No Walk in the Park

A history of the beginning of the United States’s signature national park, told through the stories of three men with different visions.

By Craig LancasterMarch 17, 2022

No Walk in the Park

Saving Yellowstone: Exploration and Preservation in Reconstruction by Megan Kate Nelson. Scribner. 320 pages.

MEGAN KATE NELSON’S great gift as a historian and as a writer is finding the connected threads of the sprawling story of the place we call the United States. It’s a gift she leveraged to great effect in The Three-Cornered War: The Union, the Confederacy, and Native Peoples in the Fight for the West, a 2021 Pulitzer Prize for History finalist that explored the American Civil War’s reverberations among Native people unhappily caught in the crossfire between blue and gray in the western theaters of conflict.

In her latest, Saving Yellowstone: Exploration and Preservation in Reconstruction America, released in the year of the park’s sesquicentennial, she narrows the aperture, examining the 1871 expedition that mapped the region and prepared the designation of the country’s first national park. But it’s difficult to read Saving Yellowstone without seeing it as a lesson from a national history that is “both beautiful and terrible.”

She tells Yellowstone’s 1870s history stories through the actions of three men wanting different outcomes: geologist-explorer Ferdinand Vandeveer Hayden, who led a team to catalog its wonders within; Jay Cooke, a financier pushing the construction of the Northern Pacific Railroad; and Sitting Bull, the Lakota leader intent on preserving his people’s rights to their land.

Their stories unfolded during the Reconstruction era, when United States President Ulysses S. Grant sought to bring free enslaved people into the body politic while also subjugating the Indigenous peoples of the West. “I don’t like riding over and shooting these poor savages,” Grant told a newspaper reporter. “I want to conciliate them and make them peaceful citizens.” The contradiction between the two policy goals was lost on white Americans at the time. Indeed, on consecutive pages, Nelson presents how Grant could hold both notions in his head:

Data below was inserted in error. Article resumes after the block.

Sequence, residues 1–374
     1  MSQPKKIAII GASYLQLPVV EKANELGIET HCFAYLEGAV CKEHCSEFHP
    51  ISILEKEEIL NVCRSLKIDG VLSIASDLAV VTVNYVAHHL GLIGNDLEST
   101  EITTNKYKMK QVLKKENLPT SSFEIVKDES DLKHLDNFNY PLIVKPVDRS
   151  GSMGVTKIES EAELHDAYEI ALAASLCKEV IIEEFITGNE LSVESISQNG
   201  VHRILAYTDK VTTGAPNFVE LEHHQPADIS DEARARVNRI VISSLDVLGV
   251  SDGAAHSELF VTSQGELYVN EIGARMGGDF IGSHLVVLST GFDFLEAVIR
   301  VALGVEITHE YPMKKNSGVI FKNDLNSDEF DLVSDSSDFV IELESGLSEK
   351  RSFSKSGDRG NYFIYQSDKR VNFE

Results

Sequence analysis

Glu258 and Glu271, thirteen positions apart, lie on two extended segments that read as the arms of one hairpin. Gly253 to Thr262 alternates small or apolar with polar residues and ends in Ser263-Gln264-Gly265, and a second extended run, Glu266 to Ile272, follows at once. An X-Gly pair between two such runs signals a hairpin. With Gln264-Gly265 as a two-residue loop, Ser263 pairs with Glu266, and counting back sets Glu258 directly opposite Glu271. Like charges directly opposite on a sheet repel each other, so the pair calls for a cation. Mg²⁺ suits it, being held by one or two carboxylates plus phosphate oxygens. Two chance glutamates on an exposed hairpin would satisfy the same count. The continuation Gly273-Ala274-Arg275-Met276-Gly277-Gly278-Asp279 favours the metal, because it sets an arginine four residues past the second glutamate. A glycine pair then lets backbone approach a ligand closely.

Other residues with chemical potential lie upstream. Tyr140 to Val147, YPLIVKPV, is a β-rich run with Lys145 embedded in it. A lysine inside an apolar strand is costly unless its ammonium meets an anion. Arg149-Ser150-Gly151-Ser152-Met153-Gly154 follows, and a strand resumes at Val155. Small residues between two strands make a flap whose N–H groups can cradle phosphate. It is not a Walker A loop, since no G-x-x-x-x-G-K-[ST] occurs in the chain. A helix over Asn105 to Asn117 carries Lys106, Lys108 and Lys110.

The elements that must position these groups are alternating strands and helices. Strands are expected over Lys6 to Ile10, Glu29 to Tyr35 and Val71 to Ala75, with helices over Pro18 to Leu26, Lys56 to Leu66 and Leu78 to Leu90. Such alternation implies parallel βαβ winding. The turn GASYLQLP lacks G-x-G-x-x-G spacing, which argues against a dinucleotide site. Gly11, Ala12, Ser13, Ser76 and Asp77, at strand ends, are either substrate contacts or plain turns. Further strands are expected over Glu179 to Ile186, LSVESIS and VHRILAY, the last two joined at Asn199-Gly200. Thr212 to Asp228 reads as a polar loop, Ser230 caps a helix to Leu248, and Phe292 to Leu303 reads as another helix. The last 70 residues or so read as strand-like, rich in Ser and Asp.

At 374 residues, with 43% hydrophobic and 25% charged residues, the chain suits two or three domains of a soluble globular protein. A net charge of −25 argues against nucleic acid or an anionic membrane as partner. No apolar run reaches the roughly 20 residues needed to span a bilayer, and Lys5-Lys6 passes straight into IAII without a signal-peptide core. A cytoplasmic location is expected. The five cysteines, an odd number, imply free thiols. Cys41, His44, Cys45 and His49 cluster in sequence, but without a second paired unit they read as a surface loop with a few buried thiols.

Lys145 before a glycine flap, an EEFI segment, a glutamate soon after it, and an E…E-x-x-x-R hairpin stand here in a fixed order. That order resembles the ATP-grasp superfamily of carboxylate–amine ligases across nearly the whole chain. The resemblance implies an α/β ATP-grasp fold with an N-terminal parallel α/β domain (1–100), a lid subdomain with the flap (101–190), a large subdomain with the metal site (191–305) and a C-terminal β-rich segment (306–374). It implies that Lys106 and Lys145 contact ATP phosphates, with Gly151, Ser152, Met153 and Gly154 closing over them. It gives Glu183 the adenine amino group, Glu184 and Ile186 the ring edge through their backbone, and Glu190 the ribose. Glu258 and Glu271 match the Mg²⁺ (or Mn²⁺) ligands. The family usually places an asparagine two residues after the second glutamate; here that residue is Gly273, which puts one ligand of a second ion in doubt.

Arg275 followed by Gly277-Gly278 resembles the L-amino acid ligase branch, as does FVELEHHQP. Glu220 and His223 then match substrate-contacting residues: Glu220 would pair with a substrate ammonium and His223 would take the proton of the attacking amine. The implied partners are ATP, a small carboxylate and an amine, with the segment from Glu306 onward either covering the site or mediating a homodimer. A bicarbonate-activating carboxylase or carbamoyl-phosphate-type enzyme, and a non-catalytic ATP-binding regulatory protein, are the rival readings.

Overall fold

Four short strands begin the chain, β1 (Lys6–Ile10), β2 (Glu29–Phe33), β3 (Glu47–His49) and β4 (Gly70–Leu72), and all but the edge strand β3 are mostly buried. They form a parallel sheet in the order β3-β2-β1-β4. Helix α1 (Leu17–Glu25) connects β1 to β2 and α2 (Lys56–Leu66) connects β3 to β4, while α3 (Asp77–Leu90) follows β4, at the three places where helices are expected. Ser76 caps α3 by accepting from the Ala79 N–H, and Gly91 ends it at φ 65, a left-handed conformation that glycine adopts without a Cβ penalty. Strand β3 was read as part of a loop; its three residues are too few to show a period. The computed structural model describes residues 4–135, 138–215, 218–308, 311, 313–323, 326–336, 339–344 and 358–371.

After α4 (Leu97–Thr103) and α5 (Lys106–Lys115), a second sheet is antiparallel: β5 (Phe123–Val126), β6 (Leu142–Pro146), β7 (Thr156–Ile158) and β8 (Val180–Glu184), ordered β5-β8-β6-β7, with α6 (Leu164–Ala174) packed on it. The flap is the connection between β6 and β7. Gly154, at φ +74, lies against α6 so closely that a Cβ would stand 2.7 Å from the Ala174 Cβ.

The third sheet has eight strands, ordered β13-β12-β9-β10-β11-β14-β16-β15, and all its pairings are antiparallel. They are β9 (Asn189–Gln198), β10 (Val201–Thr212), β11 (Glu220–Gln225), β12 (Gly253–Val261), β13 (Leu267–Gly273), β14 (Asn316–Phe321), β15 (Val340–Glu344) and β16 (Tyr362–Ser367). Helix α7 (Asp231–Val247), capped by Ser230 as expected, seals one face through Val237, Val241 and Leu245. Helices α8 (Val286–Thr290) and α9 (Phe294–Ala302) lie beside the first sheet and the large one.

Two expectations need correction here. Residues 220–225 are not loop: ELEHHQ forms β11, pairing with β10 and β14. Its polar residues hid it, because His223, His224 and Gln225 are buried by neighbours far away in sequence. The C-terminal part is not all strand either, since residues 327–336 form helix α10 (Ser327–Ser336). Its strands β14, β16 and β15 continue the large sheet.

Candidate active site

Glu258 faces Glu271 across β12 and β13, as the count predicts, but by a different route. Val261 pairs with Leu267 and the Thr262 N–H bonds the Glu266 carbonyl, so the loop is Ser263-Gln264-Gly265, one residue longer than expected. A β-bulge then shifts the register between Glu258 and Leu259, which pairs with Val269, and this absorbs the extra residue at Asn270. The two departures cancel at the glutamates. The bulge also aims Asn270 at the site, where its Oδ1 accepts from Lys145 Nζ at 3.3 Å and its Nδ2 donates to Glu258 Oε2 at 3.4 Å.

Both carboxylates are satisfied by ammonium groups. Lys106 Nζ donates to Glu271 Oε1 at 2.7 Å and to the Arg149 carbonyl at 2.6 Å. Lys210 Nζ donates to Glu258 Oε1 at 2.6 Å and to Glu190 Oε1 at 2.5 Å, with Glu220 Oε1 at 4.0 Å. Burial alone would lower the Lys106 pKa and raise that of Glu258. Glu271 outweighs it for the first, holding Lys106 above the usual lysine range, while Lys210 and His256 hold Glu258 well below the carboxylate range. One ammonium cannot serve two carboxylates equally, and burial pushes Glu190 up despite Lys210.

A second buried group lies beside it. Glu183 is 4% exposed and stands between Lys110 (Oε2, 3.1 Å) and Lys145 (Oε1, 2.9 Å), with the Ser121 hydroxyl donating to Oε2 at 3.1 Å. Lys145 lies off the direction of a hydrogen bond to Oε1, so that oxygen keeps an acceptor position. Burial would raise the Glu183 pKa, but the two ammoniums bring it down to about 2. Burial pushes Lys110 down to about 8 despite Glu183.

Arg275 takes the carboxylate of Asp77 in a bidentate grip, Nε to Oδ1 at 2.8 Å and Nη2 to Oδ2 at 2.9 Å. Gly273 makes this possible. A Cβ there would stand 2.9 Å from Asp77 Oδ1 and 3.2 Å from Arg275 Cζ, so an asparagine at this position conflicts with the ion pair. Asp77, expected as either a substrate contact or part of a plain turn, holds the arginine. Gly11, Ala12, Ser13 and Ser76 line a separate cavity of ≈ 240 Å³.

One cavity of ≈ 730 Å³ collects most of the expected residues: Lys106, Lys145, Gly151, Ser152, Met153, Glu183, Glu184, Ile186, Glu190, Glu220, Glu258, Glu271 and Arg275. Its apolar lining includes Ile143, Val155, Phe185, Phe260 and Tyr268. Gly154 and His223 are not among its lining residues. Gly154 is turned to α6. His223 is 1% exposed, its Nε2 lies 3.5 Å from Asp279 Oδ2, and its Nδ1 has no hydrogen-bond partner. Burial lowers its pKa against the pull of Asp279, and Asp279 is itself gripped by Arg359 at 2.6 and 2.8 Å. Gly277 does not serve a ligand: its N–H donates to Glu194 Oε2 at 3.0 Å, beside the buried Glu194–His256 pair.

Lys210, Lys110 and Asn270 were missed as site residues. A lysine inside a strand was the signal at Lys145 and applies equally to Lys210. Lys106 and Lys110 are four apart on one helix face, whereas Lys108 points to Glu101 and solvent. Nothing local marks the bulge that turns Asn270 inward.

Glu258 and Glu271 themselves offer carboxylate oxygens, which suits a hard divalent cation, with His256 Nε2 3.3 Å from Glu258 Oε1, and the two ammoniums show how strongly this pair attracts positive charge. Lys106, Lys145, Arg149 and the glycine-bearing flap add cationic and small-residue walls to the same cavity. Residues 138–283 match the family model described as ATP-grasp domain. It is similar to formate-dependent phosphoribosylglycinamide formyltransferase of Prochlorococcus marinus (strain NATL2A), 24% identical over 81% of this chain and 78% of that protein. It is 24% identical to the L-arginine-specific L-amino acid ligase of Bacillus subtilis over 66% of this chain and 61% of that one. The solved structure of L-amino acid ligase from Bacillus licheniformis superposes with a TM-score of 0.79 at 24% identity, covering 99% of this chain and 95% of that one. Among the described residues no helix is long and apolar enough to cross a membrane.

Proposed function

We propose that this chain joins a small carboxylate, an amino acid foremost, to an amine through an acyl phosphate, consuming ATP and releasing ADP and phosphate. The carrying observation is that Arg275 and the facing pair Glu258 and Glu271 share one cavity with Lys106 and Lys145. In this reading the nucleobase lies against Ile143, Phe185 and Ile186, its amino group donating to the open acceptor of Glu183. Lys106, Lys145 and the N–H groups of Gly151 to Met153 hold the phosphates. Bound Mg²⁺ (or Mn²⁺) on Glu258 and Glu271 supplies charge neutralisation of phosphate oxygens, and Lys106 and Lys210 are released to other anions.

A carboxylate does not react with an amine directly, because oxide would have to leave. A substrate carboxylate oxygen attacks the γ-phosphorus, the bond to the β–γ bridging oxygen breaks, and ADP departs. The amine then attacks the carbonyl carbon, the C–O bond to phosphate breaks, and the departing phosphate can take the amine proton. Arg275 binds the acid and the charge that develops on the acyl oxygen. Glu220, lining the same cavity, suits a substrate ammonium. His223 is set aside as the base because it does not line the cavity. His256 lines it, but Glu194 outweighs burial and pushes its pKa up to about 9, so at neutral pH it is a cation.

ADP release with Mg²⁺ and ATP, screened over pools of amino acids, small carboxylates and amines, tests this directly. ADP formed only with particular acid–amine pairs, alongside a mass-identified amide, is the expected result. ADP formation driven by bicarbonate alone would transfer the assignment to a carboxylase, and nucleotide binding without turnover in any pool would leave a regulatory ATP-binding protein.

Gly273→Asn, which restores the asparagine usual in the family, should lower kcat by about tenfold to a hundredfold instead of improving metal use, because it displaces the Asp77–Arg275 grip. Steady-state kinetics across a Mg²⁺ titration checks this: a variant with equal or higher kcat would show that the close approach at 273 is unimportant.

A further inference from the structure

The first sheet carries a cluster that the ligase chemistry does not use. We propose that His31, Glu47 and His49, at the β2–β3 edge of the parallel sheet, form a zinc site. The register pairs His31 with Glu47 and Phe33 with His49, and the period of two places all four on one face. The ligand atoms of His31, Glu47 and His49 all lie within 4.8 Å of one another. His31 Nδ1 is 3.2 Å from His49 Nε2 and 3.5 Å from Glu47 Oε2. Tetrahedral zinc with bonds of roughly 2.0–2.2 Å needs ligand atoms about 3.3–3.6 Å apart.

It was imperative, Grant argued, that Congress pass legislation to enforce the Fourteenth and Fifteenth Amendments where state governments had abandoned their duty to do so. […] Indigenous peoples were doomed, they determined, “by the irrepressible conflict between a superior and an inferior race.”

After a Northern victory in the Civil War, the United States government could have demanded equality for all but turned away from that ideal. Grant’s administration stepped off the gas in their pursuit of the Ku Klux Klan, and the better part of a century would go by before another major push for civil rights. Indigenous peoples weren’t granted citizenship until 1924, and legal recognition of rights to ancestral lands has only recently begun to emerge. The failure was not just evident in a botched Reconstruction but also in the Western territories. Nelson writes:

Yellowstone was a site of contention and a perfect symbol of what the United States had become by 1871: a nation whose “best idea” required Indigenous dispossession and whose white politicians embraced but then quickly abandoned the cause of racial justice.

By his second inaugural in March 1873, Grant was saying, “My efforts in the future will be directed to the restoration of good feeling between the different sections of our common country.” His party had begun to fracture, with mainline Republicans having to negotiate with a small, high-leverage group of moderates who expressed their belief in civil rights but also wanted the occupation of Southern states to end. The will to use federal power to promote public good waned, and by the middle of that decade, Grant and the Republicans saw the West as a way of shoring up their foundering political influence, a bargain that came at the expense of Indigenous peoples.